In honor of Beltane and the beginning of summer, I offer a checklist with 10 ways you can kindle your courage to live brightly and warmly, even if you’re sick in bed ::
You can embody joy no matter the condition of your body. Make a list of 9 things that bring you
immediate delight so you can turn to your list as a ready resource.
My nine include – blowing bubbles, a bubble bath, Last Week Tonight, fresh flowers, playlist of college music,
phone call with friend, a historical novel, a Love Rub, and knitting.
I can not dance like I used to be able. But even if we dance like the characters in Gregory’s Girl,
we can still move in rhythm to music and enjoy dancing. Be fearless, spontaneous and silly.
Move in whatever way you physically can to express your connection to the earth.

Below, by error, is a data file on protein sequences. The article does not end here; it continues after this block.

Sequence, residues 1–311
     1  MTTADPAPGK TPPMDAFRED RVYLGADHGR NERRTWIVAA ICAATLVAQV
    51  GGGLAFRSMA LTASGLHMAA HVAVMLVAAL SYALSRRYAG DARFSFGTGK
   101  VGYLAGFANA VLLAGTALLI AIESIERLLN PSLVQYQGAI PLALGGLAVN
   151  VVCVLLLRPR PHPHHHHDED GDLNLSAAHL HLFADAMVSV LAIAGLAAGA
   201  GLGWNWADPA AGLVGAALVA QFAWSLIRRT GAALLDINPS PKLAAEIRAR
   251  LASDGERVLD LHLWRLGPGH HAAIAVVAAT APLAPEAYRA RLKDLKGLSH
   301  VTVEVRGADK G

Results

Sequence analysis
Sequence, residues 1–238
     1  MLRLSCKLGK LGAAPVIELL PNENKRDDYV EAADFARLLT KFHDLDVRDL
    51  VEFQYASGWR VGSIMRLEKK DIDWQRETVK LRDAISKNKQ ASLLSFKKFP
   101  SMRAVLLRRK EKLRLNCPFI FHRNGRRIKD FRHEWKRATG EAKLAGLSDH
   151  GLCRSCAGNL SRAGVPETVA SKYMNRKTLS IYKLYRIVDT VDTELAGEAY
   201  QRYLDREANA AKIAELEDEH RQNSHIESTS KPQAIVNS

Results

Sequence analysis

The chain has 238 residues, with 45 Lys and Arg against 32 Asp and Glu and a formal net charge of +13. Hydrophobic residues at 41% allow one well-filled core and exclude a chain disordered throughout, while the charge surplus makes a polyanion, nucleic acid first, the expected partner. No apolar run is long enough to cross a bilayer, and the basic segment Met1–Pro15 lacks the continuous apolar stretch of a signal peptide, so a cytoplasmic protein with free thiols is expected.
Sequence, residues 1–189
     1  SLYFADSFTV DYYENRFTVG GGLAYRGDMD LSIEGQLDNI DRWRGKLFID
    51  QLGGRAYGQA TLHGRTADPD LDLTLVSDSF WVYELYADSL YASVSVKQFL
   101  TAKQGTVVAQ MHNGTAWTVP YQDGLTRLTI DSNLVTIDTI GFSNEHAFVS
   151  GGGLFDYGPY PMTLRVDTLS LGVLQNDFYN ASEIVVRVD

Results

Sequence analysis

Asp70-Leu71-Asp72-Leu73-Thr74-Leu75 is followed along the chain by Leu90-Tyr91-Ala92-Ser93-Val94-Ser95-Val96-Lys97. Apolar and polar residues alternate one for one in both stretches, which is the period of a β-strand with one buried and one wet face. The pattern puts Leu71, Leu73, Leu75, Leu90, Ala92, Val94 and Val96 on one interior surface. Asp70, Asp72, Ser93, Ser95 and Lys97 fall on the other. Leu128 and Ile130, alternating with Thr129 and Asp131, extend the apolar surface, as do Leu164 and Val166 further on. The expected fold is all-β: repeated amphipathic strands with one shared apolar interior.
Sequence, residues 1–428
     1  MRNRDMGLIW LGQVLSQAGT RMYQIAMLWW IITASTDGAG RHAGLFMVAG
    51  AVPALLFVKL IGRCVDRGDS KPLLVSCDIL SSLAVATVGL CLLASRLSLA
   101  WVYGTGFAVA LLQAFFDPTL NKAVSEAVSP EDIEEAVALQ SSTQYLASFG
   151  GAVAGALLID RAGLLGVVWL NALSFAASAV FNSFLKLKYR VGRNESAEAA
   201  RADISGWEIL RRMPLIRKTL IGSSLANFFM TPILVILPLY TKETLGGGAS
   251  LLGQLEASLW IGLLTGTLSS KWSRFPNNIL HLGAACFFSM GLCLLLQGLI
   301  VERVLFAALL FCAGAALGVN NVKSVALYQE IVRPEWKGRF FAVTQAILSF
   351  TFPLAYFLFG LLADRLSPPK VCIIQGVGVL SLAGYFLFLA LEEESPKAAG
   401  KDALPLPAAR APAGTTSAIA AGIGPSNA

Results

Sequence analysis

This thin time is a time to set work aside and celebrate life.
We gather to laugh and cultivate joy. So invite your friends over, the people who love you and really make you laugh.
Break out of that isolation that your illness tends to create and decide to reach out.
This season is a time of hope.
I know it can be hard to dream and anticipate, when day to day we don’t know how we are going to feel and what we can do.
I get that. I gave up on formulating 5 year plans decades ago because continuous failure was so painful.
But don’t completely forsake your aspirations. Dream differently.
Look for heroes and heroines who can inspire and light your pathway.
Who are the people that can make you come alive now and how can you emulate them in your own life now?
Grow something. Grow anything. You could water a house plant. Or take care of a pet.